Blackhawks notes: Could Artemi Panarin play vs. Ducks?


Blackhawks notes: Could Artemi Panarin play vs. Ducks?

The Blackhawks have certainly missed Artemi Panarin these last two games.

It’s no excuse for their two losses. But when you’re missing that offense, as well as the work he and fellow second liners Artem Anisimov and Patrick Kane have done together this season, it’s a void even for a short amount of time.

And while Panarin didn’t practice with the team on Friday, there’s a chance he could play tomorrow night.

Panarin had an off-ice workout and could play on Saturday night when the Blackhawks face the Anaheim Ducks. Panarin has been out with an illness but coach Joel Quenneville said he was “encouraged” with how the left wing was feeling on Friday.

“He’s made good progress,” Quenneville said. “Hopefully at the same rate tomorrow, he’s playing.”

Corey Crawford will start vs. the Ducks.

[SHOP: Gear up, Blackhawks fans!]

The Blackhawks went back to their battle drills at Friday’s practice. When those drills come out, it’s a clear sign that Quenneville wasn’t happy with their outing the previous night. The Blackhawks came on strong in the third period of their 4-2 loss to the Dallas Stars, but were terrible in the first 20 minutes, when the Stars took a 4-0 lead.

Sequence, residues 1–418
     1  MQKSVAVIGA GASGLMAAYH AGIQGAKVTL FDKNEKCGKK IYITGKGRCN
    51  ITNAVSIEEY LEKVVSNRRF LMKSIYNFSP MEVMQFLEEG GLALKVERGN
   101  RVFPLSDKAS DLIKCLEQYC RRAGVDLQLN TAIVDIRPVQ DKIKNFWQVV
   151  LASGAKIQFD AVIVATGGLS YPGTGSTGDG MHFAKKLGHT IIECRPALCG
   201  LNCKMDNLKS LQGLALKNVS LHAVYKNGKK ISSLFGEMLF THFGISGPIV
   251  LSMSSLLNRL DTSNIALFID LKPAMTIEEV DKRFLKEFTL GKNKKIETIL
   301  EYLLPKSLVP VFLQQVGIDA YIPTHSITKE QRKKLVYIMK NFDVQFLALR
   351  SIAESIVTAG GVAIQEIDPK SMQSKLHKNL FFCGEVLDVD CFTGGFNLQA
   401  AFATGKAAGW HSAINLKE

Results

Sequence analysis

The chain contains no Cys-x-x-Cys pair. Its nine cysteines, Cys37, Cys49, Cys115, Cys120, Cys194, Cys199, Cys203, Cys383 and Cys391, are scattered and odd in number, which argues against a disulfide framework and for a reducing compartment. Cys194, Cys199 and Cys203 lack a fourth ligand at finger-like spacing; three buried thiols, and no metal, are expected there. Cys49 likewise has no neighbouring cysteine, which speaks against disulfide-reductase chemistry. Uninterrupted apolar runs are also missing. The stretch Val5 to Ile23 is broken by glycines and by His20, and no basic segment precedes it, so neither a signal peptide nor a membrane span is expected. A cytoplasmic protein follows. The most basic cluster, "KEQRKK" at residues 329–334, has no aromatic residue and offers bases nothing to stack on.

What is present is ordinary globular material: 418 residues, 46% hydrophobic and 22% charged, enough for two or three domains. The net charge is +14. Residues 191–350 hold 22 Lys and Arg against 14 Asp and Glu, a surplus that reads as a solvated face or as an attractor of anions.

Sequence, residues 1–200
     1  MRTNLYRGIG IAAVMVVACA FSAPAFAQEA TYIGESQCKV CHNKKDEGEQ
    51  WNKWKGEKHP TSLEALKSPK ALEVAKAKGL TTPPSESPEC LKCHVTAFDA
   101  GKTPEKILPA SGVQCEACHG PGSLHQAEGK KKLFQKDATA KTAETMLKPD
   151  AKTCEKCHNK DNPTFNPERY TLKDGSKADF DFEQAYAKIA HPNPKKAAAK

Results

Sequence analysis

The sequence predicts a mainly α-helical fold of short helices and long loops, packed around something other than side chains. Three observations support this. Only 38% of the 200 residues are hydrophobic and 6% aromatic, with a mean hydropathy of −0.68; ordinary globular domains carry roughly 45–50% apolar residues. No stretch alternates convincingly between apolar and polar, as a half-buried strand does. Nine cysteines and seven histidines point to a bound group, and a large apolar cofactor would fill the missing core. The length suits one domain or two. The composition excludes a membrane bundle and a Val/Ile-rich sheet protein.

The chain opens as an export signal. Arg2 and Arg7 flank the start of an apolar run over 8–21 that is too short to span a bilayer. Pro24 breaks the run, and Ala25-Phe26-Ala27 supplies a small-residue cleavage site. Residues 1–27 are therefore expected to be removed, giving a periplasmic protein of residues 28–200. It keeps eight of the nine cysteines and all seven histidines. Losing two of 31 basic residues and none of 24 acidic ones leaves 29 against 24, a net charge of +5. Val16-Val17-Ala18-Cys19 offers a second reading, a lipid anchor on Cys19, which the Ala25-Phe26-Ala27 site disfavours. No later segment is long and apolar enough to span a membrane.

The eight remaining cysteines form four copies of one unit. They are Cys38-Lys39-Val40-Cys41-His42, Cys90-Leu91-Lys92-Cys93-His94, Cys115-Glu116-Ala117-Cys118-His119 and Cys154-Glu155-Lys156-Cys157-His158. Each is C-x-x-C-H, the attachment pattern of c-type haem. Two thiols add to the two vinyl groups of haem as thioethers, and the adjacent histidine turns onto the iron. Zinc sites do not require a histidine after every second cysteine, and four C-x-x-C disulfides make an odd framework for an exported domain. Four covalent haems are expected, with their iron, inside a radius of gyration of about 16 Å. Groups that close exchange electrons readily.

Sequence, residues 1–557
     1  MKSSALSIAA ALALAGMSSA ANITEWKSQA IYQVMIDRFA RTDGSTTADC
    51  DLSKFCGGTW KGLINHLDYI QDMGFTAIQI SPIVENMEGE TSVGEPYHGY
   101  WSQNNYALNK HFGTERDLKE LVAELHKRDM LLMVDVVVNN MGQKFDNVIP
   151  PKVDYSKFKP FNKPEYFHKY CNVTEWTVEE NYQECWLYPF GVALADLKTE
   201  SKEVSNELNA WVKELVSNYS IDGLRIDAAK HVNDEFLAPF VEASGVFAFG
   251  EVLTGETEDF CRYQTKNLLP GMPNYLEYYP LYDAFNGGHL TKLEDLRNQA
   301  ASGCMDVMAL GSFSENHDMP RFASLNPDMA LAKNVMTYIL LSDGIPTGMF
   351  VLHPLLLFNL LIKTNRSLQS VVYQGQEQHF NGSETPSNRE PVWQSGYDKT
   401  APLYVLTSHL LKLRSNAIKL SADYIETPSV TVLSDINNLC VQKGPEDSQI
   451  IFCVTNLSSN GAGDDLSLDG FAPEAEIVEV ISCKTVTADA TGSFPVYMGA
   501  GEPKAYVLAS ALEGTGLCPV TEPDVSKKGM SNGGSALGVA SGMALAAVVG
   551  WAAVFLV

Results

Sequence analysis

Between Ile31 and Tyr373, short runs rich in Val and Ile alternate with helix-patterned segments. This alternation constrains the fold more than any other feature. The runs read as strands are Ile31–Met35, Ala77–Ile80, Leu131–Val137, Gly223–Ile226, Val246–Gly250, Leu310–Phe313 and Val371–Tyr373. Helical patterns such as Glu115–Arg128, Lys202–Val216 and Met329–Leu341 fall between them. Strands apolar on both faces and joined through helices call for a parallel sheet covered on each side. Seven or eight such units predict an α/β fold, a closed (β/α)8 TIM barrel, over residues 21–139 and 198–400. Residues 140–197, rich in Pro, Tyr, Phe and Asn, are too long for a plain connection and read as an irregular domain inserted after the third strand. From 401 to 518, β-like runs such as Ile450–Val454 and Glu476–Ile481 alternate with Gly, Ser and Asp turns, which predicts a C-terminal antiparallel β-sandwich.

“We were very slow out of the gate, basically two games in a row,” Quenneville said. “When we’re more competitive in the puck area, that’s how we’re effective. You can get the puck more that way as well and you can keep it longer. We were too easy to play against two games in a row. We had success before because we were hungrier and more competitive.”

Andrew Desjardins said it was tough to pinpoint why the Blackhawks were so off in their first two games of this home stand.

“I think the last two games, just the compete level, commitment to doing the right things,” he said. “It’s been good at times – in the third when we were coming back, but when a team’s holding a lead like that they may be sitting back more. It’s just that compete and intensity level. We just have to get mad and get a little more pissed off going into the next game. Our effort level can go up.”

The Blackhawks have been great at home this season, and their inability not to take advantage of these first two games was frustrating. They need to take advantage of the next two if they want to try and maintain their slim Central Division lead. The battle the Blackhawks showed in Friday’s practice has to be there from the start in Saturday’s game.

“I thought we played as good as we’ve played at any time all year in those three games [out of the All-Star break]. We were flat vs. San Jose and really poor last night. We’ve been pretty good at home. That was the thing we’re not pleased about: play the right way at home. We shouldn’t get blown out in the first period of an important game like that like [Thursday] night.”

How Blackhawks plan to handle Corey Crawford's workload

How Blackhawks plan to handle Corey Crawford's workload

Corey Crawford is back and it didn't look like he skipped much of a beat. The Blackhawks were handed their first regulation loss of the season to the Arizona Coyotes on Thursday, but the 33-year-old netminder stopped 27 of 30 shots (.900 save percentage) in his season debut and made several timely saves to keep his team in it.